Author: James McBride
Mood: If you’ve been stuck in a rut and feel like nothing ever changes and want to read a book that genuinely surprises you at every turn.
The Good Lord Bird don’t run in a flock. He flies alone. You know why? He’s searching. Looking for the right tree. And when he sees that tree, that dead tree that’s taking all the nutrition and good things from the forest floor. He goes out and he gnaws at it, and he gnaws at it till that thing gets tired and falls down. And the dirt from it raises the other trees. It gives them good things to eat. It makes ’em strong. Gives ’em life. And the circle goes ’round.
I’m not entirely sure if The Good Lord Bird belongs on a Western review site, but it’s such a good book that we’re doing this anyway.
Have you ever actually stopped to think about what defines a Western? Probably we all have our own ideas of what’s involved. This makes the waters awfully damn muddy.
Take war movies. The big cowboy icons made tons of them, like John Wayne’s The Alamo, James Stewart’s Shenandoah, and James Coburn’s A Reason to Live, A Reason to Die. Then you have your stories focused on slavery, like Django Unchained and Buck and the Preacher.
These movies take place in the same era as Westerns, and they feature lots of the same themes – horseback chases, outlaws, shootouts, violence, fights over land and people, and racism. The costumes are the same. The sets are the same. Does that make them Westerns?
This book got me thinking about how easy it is, especially as a pasty-white Canadian, to immediately associate EVERYTHING 1800s America with Westerns. But there was a lot more to that place and time than rugged guys on horses.
The Good Lord Bird is a captivating and often hilarious story about several key players and events that sparked the Civil War. It’s definitely worth a read for fans of almost any genre.
The Good Lord Bird is the account of a fictional man called Henry ‘Little Onion’ Shackleford, who was the only Black person to survive abolitionist John Brown’s raid on Harpers Ferry. And he did it by living as a girl – for 17 years.
Young Henry and his father are slaves, working at a tavern. John Brown’s posse comes through town and gets in a fight with the tavern owner. Shots are fired and Henry’s dad is accidentally killed, so John Brown ‘rescues’ Henry and takes him on the trail.
The whole crew thinks Henry is a little girl due to his small stature and feminine features. At first he’s offended, but he quickly figures out that being a girl means he doesn’t have to do physical labour or ride into skirmishes, so he dons a dress and bonnet and just goes with it.
John Brown is feared throughout the South. His gang is made up of dangerous men who kill people (on his orders) in horrific ways. He’s deeply religious, and genuinely believes God is telling him where to go and who to kill (in the name of freeing the slaves, of course). But Brown’s men seem to enjoy any excuse to do murder.
The warpath is NOT the place for a twelve-year-old who’s “allergic to work” and likes warm meals and warm beds. Henry is the absolute last person who should get caught up in spying, raiding, and the Underground Railroad – and that’s what makes it so fun to read.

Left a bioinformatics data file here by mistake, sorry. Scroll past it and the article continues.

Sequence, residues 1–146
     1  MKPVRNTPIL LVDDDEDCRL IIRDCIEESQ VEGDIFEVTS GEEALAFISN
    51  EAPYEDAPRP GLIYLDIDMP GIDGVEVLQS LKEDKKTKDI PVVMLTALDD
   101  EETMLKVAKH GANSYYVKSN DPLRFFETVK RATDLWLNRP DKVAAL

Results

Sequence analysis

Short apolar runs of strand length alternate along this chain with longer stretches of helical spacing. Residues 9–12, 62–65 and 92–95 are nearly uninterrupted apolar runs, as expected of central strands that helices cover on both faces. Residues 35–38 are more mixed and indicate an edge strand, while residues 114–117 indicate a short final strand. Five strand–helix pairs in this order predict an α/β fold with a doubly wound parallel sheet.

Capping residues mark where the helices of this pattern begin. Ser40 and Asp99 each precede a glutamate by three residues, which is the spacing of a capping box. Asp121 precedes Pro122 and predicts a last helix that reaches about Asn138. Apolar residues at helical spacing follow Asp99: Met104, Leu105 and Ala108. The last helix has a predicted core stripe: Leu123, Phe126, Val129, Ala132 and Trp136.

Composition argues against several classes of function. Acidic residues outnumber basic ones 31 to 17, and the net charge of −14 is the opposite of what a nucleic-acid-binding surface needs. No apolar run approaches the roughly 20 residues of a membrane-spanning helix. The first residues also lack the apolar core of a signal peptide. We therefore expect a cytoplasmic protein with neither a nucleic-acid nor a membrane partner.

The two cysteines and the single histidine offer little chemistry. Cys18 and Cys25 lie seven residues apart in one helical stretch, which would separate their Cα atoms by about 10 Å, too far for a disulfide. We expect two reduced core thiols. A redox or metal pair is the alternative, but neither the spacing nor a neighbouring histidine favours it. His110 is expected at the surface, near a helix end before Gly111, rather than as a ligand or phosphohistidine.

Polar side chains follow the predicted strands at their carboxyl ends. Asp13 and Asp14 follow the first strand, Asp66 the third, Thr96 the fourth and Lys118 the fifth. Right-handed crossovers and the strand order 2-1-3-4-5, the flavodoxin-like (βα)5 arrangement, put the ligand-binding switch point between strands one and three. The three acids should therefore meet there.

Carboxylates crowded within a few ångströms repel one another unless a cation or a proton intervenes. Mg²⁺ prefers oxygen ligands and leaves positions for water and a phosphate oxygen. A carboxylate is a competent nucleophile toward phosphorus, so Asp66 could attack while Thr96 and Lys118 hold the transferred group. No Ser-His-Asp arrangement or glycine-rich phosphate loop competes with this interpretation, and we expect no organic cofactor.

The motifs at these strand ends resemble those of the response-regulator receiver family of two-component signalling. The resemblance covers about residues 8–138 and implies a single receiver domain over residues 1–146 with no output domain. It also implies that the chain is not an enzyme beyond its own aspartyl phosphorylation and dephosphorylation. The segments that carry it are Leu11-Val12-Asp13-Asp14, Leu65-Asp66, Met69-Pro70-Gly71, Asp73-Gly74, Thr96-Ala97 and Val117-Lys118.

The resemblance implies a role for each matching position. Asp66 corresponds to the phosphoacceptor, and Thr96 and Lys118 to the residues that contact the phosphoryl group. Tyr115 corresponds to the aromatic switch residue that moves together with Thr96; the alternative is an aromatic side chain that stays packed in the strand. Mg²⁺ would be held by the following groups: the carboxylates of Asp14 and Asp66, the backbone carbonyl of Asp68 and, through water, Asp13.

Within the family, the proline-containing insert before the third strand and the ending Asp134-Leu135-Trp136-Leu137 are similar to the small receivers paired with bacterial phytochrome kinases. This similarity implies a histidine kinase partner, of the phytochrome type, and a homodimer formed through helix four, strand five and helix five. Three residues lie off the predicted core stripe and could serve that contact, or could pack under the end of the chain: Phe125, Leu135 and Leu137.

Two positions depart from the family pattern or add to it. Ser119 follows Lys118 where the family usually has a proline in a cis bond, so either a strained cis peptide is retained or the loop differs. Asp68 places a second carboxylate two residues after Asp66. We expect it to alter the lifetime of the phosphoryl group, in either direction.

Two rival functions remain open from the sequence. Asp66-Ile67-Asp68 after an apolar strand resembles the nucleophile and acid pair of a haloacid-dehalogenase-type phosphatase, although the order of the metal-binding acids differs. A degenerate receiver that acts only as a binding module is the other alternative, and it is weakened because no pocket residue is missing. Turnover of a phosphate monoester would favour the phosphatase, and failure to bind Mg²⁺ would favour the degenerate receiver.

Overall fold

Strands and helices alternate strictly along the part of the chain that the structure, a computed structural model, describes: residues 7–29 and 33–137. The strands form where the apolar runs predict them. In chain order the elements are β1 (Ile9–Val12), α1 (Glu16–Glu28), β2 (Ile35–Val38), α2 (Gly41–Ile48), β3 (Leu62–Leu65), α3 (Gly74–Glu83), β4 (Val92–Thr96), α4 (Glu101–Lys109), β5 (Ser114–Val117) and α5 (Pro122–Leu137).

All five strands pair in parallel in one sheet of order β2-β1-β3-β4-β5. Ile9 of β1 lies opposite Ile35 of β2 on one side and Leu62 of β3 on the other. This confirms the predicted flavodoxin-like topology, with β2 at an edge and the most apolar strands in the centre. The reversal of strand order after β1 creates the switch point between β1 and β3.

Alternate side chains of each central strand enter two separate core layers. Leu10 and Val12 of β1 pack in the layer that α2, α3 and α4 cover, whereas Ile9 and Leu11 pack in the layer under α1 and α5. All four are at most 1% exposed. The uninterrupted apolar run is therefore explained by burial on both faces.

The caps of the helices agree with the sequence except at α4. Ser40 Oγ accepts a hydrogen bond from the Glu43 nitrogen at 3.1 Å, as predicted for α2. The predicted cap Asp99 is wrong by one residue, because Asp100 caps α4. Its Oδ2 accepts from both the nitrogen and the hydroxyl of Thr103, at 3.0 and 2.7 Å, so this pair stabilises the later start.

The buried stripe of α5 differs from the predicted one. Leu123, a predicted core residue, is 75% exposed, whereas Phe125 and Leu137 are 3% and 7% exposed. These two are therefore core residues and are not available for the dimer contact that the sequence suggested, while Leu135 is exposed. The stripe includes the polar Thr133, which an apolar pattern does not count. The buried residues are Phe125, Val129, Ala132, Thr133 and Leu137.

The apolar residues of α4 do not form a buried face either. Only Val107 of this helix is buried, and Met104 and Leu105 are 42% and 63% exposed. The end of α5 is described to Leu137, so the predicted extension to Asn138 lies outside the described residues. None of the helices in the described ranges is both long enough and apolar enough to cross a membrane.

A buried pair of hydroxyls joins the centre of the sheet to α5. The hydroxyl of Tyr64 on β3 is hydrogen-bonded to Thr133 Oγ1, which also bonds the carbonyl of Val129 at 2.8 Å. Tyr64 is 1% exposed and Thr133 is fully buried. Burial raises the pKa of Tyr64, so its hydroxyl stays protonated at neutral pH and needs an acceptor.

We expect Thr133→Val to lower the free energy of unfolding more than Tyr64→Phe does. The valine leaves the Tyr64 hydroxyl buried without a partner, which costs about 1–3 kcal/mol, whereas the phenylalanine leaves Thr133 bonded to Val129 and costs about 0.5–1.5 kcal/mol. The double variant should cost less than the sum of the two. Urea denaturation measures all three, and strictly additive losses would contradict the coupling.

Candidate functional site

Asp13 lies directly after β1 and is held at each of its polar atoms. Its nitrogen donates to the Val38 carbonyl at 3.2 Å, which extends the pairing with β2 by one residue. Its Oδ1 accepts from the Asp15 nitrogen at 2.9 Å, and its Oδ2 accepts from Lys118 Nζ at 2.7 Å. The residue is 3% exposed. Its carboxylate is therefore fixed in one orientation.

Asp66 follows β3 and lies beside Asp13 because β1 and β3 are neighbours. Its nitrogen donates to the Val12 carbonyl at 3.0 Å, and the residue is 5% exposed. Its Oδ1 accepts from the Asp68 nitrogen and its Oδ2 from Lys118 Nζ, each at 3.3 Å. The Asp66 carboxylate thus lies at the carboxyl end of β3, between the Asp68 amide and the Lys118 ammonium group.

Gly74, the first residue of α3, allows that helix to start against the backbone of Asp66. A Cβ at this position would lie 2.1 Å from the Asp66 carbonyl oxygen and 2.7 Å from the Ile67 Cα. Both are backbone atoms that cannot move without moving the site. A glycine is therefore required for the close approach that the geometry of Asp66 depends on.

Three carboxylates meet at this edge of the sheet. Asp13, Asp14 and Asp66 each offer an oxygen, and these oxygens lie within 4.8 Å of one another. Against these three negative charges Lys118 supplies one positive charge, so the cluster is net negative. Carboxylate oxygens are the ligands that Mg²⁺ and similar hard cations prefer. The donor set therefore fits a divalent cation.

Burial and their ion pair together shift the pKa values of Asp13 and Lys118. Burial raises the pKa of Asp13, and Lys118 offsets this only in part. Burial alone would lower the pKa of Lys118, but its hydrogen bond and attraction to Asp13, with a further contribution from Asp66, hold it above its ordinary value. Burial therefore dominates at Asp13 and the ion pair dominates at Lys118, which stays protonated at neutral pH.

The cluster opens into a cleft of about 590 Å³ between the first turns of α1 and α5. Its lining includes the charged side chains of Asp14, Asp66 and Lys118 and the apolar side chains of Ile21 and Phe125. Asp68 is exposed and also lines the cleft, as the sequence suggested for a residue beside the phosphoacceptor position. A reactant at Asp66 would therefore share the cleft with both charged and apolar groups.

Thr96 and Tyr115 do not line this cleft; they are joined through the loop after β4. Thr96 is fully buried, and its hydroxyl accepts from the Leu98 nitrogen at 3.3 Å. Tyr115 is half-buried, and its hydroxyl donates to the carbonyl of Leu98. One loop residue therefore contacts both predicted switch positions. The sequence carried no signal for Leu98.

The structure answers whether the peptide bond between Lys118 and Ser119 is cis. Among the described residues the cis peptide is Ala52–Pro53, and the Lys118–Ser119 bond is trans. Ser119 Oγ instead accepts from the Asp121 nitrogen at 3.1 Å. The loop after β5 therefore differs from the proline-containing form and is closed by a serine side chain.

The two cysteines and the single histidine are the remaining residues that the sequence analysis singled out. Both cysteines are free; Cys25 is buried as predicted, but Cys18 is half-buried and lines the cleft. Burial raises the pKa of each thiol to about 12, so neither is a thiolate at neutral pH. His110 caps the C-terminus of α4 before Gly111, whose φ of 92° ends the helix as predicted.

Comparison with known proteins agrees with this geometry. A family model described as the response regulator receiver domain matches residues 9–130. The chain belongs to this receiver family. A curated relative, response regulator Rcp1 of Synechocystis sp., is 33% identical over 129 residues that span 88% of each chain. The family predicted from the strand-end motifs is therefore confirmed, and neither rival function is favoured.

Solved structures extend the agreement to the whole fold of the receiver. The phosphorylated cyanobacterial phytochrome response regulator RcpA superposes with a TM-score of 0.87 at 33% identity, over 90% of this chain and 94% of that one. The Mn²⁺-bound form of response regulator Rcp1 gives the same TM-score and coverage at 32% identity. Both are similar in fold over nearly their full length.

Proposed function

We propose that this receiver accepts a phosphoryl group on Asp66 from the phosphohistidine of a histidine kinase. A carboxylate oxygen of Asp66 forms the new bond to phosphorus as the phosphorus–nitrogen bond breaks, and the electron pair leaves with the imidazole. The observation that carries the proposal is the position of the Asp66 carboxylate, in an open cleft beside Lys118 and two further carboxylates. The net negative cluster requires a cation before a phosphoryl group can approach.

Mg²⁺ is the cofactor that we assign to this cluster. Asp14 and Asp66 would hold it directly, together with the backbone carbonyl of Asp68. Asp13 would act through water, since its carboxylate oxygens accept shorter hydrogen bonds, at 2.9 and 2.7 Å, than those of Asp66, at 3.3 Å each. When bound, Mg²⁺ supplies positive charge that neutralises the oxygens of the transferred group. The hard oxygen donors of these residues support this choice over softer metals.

The writing in The Good Lord Bird is just *chef’s kiss* wonderful.
Every page is so rich in both narrative and description, you blink and you’ve consumed half the novel. It’s not even really my kind of story; books about war and slavery tend to make me incredibly mad and depressed, and that’s not exactly how I want to spend my last hour before bed each night. But Henry is such an unexpected character, I couldn’t help but ride along.
There are MANY similarities between The Good Lord Bird’s Henry and Little Big Man’s Jack Crabb:
- Both start their respective books as a centenarian on death’s door, recounting their story to a historian
- Both are pint-sized antiheroes, assuming various identities to protect their butts
- They’re both lazy, prone to lying, and flee or hide from any kind of fight
- They frequently get shitfaced
Where Jack Crabb was jaded and disliked most people from all races, Henry’s youthful perspective gives you this enjoyably naive, unfiltered commentary on women, men, white people, Black people, Yankees, Rebs, religious folks, one queer character, and Harriet Tubman.
The language is so authentic and fluid that you’re immediately immersed in 1850s Kansas. I was reading this book on a beach in Mexico, yet barely noticing the balmy air because I believed I was squatting in a dirty, dusty camp in the woods, or a dirty, dusty brothel, or a dirty, dusty hideout (there’s a theme here).
This isn’t a generic Western serial – The Good Lord Bird is award-winning literary fiction.
Yet it’s so bizarre and funny, even with its constant violence, that you barely notice you’re being quietly educated. You never get that heavy, sad weight that you expect from books about slavery and Bleeding Kansas and religion and war.
As the reader, you’re aware that there’s a lot of good and bad happening all around. But Henry’s voice has you taking it in as if you’re a teenager whose primary concern is finding better meals and living long enough to get with a woman.
Still, you get these poignant passages like this one:
“It made me a bit sad, truth be to tell it, to watch them hundreds of white folks crying for the Negro, for there weren’t hardly ever any Negroes present at most of them gatherings, and them that was there was doodied up and quiet as a mouse. It seemed to me that the whole business of the Negro’s life out there weren’t no different than it was out west, to my mind. It was like a big, long lynching. Everybody got to make a speech about the Negro but the Negro.”
The Good Lord Bird is a surprising book, which is truly hard to accomplish with an oversaturated market and jaded, know-it-all readers like me. It took me this whole review to find the best single word to describe it, but at least I got there eventually.